By using the tool of hindsight, Priestly was able to show the ignorance of some characters and intelligence of others by the various comments and predictions made. He was able to show how the way some people think was Communist and centred around the idea of only looking out for yourself no matter how many people you have to make suffer to achieve that goal; and the way others were Socialists and cared about looking after the community and helping people in a society of equality. . He was also able to add things that were very ironic which added to the effect of the play.
J.B Priestly uses dramatic irony to sum up Mr Birlings ignorance. We see that he makes many predictions about the future which are incorrect. For example, strikes had been going on since the 1900’s and people were very unhappy, with social unrest and employees demanding shorter hours and higher wages. By 1911 there were national violent strikes. Mr Birling says that the strikes will end soon but they don’t and still evidently go on today. Mr Birling also made reference to aeroplanes, “In a year or two we’ll have aeroplanes that will be able to go anywhere” but it took a lot longer than the suggested time. He says “…the Titanic – she sails next week-forty six thousand eight hundred tons…and unsinkable” The Titanic sunk on it’s first journey.
It is effective dramatic irony when Priestly shows Mr Birling stating “let’s say in 1940…you’ll be living in a world that’ll have forgotten all these Capital verses Labour agitations and all these silly little war scares. There’ll be peace and prosperity and rapid progress everywhere.” In 1940, five years before this book was written, World War 2 was just beginning. There is no peace and prosperity and ‘rapid progress.’ Ironically every view he has is known to the audience to be false. Mr Birling has immense anticipation about what the future holds for him as this also effects his own business. This irony that is shown has the effect of making the audience ignore Mr Birling and his ideologies.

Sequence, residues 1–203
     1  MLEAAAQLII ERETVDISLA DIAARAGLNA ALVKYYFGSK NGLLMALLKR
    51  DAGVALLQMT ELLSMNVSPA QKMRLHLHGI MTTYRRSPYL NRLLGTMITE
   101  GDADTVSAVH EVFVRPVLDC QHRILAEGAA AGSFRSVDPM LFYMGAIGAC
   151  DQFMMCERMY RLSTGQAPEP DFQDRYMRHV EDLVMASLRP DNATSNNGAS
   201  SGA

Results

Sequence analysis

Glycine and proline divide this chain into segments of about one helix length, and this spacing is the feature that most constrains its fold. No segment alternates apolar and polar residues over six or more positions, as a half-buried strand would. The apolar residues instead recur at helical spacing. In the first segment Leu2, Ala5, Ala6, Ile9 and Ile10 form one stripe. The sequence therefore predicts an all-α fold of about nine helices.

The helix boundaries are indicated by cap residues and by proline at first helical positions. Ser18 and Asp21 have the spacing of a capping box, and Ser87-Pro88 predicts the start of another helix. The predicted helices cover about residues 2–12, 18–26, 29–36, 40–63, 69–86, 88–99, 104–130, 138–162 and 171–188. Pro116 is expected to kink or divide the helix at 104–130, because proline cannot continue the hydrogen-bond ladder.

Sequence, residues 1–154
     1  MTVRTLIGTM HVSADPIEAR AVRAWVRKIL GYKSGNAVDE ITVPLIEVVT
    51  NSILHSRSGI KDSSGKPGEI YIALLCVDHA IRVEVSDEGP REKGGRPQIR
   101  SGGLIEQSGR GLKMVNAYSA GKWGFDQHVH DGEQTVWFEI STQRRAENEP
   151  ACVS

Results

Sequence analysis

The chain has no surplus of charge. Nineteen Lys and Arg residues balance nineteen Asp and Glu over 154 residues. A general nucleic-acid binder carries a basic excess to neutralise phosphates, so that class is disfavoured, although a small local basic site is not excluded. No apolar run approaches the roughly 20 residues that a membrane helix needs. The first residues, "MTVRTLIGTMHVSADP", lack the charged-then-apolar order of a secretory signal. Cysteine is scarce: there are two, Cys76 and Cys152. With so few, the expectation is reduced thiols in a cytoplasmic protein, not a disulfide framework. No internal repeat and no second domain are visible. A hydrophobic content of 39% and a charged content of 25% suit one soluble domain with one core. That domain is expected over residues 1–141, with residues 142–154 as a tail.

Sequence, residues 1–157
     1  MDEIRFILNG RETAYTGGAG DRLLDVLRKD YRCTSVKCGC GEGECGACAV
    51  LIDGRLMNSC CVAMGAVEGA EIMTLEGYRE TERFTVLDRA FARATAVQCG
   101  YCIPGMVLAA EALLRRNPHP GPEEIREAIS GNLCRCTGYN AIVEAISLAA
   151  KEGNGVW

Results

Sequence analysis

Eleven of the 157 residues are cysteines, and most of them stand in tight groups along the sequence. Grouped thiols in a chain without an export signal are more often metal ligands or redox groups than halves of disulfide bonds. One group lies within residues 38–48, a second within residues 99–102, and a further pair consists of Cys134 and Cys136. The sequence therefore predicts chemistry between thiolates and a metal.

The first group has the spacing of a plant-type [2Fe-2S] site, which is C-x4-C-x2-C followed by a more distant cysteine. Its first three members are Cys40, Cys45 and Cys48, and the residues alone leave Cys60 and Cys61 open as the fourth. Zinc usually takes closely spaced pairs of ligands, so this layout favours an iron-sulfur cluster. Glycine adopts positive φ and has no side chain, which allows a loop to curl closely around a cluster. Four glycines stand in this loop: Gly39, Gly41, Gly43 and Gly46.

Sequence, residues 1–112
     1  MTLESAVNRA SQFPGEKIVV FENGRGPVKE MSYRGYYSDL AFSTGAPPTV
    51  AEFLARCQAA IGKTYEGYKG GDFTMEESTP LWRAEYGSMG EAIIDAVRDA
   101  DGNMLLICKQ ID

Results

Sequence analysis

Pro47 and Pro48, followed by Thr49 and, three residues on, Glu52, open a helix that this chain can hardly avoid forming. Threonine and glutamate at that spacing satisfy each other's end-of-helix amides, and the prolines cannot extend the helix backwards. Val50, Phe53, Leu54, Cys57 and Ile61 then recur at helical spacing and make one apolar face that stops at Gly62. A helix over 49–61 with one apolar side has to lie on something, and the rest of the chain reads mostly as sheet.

Arthur Birling endeavours to keep labour costs down. “It is my duty to keep labour costs down, and if I’d agreed to this demand for a new rate we would have added about 12% to our labour costs.” This shows he is a ‘hard headed’ business man and that the only thing he is interested in is his business and money. We can see by this that Priestly obviously very anti-Capitalist. He opposes all that Mr Birling has to say and rejects all Capitalist views that are put his way.
The Inspector feels that the Birling’s are all responsible for the death of Eva Smith. He keeps relating back to the pain and suffering Eva Smith endured and used guilt as a major part of trying to get the Birling’s to feel responsible for the death of Eva Smith. He says various things to Sheila and Mr Birling in act1 to demonstrate what he thinks and who he feels is responsible for the suicide of Eva Smith. The Inspector states after Mr Birling says that Sheila and the rest can’t be much help “The girls dead though” Sheila replies “…You talk as if we were responsible.” He also disagrees with Mr Birling’s assumption that his discharge of her nearly 18 months ago had nothing to do with Eva Smiths suicide, “Obviously it has nothing to do with the wretched girls suicide” ” No, sir. I can’t agree with you there.” He thinks it was all down to the Birling’s and Gerald, the blame partly shared but partly specific to each of the members adding to the guilt.